For I beseech your lordship to consider, whether in your way of argument, by naming them, Peter, James, and John, names familiar to us, as appropriated to individuals of the species man, your lordship does not first suppose them men, and then very safely ask, whether they be not all true and real men? But if I should ask your lordship whether Weweena, Chuckery, and Cousheda, were true and real men or no? your lordship would not be able to tell me, till, I having pointed out to your lordship the individuals called by those names, your lordship, by examining whether they had in them those sensible qualities which your lordship has combined into that complex idea to which you give the specific name man, determined them all, or some of them, to be the species which you call man, and so to be true and real man; which when
lordship has determined, it is plain you did it by that which is only the nominal essence, as not knowing the real one. But your lordship farther asks, “ What is it makes Peter, James, and John real men? Is it the attributing the general name to them? No, certainly; but that the true and real essence of a man is in every one of them."
If, when your lordship asks, “What makes them men?” your lordship used the word making in the proper sense for the efficient cause, and in that sense it were true, that the essence of a man,
under that name; or, which is all one, be of that sort. Whereby it is evident, that the essences of the sorts, or (if the Latin word pleases better) species of things, are nothing else but these abstract ideas. For the having the essence of any species being that which makes any thing to be of that species, and the conformity to the idea to which the name is annexed be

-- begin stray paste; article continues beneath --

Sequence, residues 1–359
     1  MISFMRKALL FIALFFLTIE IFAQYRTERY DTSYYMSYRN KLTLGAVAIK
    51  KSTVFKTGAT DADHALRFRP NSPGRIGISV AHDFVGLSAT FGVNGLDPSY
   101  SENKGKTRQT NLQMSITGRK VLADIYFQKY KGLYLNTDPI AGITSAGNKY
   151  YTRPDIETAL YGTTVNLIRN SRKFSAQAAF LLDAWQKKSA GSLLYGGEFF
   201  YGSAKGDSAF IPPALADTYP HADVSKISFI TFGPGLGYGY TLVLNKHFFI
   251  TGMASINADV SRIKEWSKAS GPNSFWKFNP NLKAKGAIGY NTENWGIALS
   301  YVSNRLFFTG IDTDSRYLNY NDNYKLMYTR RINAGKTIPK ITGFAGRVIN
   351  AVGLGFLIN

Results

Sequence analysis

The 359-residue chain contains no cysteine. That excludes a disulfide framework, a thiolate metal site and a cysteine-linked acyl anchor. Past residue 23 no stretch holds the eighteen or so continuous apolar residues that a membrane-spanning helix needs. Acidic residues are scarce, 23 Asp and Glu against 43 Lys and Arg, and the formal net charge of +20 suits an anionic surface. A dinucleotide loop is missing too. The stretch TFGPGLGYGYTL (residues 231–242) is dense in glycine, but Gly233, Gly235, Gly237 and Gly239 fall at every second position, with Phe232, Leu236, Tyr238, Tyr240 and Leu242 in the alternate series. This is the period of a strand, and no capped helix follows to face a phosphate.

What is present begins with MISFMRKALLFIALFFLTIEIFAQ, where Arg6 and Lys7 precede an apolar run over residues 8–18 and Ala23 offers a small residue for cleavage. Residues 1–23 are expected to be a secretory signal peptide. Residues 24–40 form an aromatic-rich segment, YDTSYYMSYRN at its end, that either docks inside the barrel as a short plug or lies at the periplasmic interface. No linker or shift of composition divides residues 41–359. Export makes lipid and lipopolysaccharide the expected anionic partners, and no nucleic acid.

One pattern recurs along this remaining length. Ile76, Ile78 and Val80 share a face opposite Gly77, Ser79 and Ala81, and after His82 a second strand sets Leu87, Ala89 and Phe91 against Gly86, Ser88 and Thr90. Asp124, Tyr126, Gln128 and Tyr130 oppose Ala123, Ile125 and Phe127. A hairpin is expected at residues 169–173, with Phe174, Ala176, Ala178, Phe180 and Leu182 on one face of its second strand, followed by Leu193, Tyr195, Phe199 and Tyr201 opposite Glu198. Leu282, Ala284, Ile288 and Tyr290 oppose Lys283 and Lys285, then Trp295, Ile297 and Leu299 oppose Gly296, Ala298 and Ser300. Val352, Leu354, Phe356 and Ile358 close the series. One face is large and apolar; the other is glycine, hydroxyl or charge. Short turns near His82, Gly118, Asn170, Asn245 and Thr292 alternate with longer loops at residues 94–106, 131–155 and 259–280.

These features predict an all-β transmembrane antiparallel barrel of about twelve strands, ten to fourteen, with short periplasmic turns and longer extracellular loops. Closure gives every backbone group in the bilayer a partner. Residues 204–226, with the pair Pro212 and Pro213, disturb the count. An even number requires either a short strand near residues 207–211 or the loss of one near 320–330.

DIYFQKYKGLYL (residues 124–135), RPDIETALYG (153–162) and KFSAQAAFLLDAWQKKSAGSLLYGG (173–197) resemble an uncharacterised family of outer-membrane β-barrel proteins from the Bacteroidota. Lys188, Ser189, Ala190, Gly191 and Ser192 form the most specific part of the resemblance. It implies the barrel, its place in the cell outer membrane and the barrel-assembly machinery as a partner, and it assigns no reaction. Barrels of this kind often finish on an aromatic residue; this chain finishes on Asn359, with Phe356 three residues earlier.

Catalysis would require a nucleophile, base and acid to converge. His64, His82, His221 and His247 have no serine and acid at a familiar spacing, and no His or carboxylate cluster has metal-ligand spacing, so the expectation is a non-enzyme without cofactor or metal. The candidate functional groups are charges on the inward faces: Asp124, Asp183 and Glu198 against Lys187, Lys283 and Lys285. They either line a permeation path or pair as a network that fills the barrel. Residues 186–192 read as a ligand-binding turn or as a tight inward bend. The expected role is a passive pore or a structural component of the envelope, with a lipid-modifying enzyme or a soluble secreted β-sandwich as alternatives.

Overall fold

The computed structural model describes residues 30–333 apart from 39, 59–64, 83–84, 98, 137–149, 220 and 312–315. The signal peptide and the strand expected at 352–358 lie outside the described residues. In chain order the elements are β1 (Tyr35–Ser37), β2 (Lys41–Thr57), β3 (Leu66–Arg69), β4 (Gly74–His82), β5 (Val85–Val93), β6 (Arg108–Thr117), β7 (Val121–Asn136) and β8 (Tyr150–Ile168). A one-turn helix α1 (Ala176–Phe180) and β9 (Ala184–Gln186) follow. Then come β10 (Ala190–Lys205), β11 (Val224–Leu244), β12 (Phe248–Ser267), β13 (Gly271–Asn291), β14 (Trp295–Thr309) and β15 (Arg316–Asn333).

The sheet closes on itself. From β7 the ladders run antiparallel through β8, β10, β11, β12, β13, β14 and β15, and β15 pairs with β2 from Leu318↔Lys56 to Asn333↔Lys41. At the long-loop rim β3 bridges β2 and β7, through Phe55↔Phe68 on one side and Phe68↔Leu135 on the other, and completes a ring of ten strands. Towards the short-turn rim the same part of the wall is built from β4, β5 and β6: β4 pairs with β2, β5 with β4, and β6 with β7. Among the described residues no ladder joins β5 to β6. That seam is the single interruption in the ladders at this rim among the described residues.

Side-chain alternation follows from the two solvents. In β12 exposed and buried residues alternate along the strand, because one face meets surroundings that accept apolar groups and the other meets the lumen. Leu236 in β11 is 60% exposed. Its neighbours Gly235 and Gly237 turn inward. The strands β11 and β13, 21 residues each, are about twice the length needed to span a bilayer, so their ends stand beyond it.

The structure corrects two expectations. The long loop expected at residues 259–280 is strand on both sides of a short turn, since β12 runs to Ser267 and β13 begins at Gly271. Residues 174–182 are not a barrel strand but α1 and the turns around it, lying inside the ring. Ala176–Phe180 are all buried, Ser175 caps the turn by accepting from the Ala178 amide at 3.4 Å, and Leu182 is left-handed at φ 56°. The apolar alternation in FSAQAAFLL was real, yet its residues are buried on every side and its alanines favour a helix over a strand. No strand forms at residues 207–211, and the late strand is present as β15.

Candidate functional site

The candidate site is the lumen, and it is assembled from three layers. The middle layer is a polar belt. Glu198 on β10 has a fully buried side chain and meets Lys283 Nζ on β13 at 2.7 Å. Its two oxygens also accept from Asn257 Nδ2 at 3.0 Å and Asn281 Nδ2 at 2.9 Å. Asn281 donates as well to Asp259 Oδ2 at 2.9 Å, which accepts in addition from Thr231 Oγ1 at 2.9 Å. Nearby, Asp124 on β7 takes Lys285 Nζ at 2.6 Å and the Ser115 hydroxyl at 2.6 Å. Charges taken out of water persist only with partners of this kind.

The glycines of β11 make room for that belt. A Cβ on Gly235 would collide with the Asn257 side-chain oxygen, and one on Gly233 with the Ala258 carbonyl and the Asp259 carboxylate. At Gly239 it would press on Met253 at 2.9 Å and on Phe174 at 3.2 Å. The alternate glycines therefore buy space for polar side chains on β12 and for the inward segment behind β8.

i.e. the specific essence of that species made a man; it would undoubtedly follow, that this specific essence had a reality beyond that of being only a general abstract idea in the mind. But when it is said, that it is the true and real essence of a man in every one of them that makes Peter, James, and John true and real men, the true and real meaning of these words is no more, but that the essence of that species, i. e. the properties answering the complex abstract idea to which the specific name is given, being found in them, that makes them be properly and truly called men, or is the reason why they are called men. Your lordship adds, “ And we must be as certain of this, as we are that they are men.”
How, I beseech your lordship, are we certain that they are men, but only by our senses, finding those properties in them which answer the abstract complex idea, which is our minds, of the specific idea to which we have annexed the specific name man? This I take to be the true meaning of what your lordship says in the next words, viz. “ They take their denomination of being men from that common nature or essence which is in them;" and I am apt to think these words will not hold true in any other sense.
Your lordship's fourth inference begins thus—"That the general idea is not made from the simple ideas by the mere act of the mind abstracting from circumstances, but from reason and consideration of the nature of things."
I thought, my lord, that reason and consideration had been acts of the mind, mere acts of the mind, when any thing was done by them. Your lordship gives a reason for it, viz. “ For, when we see several individuals that have the same powers and properties, we thence infer, that there must be something common to all, which makes them of one kind.”
I grant the inference to be true; but must beg leave to deny that this proves, that the general idea the name is annexed to, is not made by the mind. I have said, and it agrees with what your lordship here says, * That “the mind, in making its complex ideas of substances, only follows nature, and puts no ideas together, which are not supposed to have an union in nature. Nobody joins the voice of a sheep with the shape of a horse; nor the colour of lead with the weight and fixedness of gold, to be the complex ing that which gives a right to that name; the having the essence, and the having that conformity, must needs be the same thing; since to be of any species, and to have a right to the name of that species, is all one. As, for example, to be a man, or of the species man, and to have right to the name man, is the same thing. Again, to be a man, or of the species man,
* B. iii. c. 6. § 28, 29.